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John's Horror Banana-nanza Episode Fourty-Three: The Fly

Updated on October 11, 2012
I understand you're mutating, but have the decency to change your clothes!
I understand you're mutating, but have the decency to change your clothes!

David Cronenberg took a suspenseful 50's sci-fi movie, added insane makeup effects, let Jeff Goldblum do his scientist stuff. And with a little help from Geena Davis, he created one of the best remakes ever. In fact, more people have seen this 1986 version than the original.

So the plot goes like this. Seth Brundle, played by Jeff Goldblum, thinks he's created the world's first
teleportation device. When Veronica, a reporter looking for a breakthrough story, sees his machine
in action, she tries to take the story to her editor, but is met with doubt, much to Brundle's delight.
He continues work, and begins a romance with Veronica. They transport a steak which doesn't taste
quite right, and in a sign of things to come, transports a monkey and which comes out the other side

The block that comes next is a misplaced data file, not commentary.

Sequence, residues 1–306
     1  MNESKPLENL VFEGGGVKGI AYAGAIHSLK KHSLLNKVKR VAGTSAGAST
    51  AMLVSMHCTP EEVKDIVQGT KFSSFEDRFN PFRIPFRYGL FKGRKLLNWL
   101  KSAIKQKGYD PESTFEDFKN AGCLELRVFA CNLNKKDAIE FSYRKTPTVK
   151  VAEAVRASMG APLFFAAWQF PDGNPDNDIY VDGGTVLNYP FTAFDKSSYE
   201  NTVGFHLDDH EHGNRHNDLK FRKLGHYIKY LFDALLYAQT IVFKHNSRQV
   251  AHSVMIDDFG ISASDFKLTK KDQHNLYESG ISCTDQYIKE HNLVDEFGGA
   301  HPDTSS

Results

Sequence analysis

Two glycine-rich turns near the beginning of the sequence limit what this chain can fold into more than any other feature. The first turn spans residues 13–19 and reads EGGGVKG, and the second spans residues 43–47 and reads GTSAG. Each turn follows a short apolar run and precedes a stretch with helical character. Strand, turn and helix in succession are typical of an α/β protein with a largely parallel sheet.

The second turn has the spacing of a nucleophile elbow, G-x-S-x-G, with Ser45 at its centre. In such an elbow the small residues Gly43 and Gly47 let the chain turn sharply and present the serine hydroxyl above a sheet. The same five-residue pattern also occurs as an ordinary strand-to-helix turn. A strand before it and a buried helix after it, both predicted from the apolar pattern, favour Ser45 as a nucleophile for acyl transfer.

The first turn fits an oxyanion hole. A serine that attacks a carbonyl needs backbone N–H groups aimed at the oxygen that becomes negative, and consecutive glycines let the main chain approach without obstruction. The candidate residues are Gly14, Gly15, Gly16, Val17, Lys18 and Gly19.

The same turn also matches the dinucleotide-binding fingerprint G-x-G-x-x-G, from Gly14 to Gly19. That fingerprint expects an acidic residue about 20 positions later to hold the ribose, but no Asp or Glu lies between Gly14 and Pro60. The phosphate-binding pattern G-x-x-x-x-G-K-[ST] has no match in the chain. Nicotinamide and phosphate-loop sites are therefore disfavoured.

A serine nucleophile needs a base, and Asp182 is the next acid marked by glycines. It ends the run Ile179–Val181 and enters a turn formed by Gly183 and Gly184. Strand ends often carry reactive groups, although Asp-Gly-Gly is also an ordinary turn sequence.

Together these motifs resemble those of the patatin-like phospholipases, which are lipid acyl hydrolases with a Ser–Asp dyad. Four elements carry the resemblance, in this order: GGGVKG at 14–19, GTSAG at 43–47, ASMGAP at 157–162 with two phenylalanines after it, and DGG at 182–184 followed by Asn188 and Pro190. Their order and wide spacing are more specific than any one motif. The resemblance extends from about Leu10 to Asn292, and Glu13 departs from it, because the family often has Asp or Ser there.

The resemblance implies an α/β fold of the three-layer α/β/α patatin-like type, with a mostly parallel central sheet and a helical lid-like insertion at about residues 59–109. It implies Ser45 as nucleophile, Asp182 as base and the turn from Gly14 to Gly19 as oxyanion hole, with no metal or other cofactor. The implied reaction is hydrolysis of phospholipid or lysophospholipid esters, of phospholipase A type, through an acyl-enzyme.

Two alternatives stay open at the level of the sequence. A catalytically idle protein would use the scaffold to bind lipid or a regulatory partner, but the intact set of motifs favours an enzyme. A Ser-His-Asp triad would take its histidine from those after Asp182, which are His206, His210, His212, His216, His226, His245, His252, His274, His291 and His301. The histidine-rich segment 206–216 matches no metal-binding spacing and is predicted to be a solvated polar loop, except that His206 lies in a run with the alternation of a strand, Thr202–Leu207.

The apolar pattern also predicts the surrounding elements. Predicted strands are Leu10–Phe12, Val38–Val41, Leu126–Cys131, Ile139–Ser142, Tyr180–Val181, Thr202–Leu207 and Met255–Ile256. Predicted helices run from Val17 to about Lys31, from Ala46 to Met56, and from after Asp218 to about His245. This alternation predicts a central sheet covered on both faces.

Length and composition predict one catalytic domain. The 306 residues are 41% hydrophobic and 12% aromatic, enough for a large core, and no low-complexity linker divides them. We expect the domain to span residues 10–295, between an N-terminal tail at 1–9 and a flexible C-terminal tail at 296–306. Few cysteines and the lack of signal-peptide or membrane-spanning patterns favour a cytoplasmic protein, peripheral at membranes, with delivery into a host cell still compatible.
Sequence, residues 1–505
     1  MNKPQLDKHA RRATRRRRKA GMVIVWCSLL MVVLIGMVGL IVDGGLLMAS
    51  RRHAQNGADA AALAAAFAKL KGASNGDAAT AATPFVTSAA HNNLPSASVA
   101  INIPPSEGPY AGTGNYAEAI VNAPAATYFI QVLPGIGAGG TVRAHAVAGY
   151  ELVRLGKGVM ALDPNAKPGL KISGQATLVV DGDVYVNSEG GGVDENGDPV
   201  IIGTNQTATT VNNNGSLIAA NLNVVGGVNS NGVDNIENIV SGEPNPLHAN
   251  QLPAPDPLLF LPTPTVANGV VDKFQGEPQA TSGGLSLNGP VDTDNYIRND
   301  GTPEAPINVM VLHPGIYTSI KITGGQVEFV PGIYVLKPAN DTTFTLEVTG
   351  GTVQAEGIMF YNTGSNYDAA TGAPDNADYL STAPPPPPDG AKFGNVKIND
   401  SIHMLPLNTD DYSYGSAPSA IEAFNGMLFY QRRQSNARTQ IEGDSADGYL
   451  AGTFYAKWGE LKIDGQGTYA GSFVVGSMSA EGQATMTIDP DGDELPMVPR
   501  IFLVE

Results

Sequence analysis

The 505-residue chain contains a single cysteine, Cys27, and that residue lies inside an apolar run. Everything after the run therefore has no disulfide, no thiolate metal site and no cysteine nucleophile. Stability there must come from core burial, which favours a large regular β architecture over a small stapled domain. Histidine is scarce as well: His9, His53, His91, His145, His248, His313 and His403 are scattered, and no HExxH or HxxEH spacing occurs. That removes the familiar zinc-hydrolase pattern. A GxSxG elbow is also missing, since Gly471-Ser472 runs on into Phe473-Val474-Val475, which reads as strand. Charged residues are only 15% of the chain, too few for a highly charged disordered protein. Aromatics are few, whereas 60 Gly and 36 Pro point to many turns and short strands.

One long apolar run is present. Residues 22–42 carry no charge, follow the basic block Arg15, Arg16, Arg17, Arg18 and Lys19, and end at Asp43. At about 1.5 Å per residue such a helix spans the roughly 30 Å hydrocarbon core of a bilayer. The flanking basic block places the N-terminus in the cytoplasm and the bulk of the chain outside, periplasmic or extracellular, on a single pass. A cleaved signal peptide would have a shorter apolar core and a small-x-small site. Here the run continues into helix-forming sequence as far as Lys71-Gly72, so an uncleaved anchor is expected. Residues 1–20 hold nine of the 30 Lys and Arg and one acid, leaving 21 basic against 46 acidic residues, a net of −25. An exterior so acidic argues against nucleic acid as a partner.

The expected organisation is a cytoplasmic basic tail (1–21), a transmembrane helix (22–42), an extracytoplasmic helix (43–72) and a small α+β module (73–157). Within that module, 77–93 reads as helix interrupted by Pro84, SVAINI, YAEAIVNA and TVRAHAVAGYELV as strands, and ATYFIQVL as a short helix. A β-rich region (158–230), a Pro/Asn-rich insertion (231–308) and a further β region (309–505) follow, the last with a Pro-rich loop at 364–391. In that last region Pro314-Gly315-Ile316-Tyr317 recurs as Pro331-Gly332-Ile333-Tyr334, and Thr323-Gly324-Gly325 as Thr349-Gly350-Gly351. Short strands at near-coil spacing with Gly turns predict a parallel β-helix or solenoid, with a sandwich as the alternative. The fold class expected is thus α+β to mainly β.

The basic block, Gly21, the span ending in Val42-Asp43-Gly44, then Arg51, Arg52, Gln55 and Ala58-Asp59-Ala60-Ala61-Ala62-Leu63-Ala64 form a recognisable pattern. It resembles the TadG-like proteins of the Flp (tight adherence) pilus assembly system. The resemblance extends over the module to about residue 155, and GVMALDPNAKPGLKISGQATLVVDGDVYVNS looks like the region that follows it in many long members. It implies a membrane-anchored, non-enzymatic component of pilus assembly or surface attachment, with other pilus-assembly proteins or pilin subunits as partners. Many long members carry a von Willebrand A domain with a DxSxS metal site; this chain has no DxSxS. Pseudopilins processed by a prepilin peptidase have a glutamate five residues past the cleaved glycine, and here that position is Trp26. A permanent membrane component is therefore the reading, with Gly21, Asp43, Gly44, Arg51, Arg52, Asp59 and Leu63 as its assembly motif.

inside out.

After some sex, Brundle suddenly realizes (in typical Goldblum scientist fashion) that the flesh isn't recognized by the machine. So he teaches it to do so, and then decides to test it on himself. Well, it works, except for one problem. While in the transporter, a fly flew in. Slowly, he begins to realise his body is changing. He tries to review the experiment through the computer, which informs him that not only did the machine transport him, it merged him. With the fly.

So slowly, his body falls apart as a giant fly takes over. By the end of the movie, he's vomiting acid
and his jaw is falling off. And we also get to see Geena Davis give birth to a giant maggot. Good stuff.

The movie has an emotional element to it that a lot of similar movies didn't carry. You really feel for Veronica and Brundle, even as Brundle slowly becomes cocky and evil. The ending hits hard, and really leaves an impact.

Overall, I highly, highly recommend this movie if you're just diving in to Cronenberg's work. "Scanners",
"Videodrome" and "The Brood" also deal with the human body being messed up. But none have the
explosive emotional impact this one does.

Not your 1950's kind of movie.


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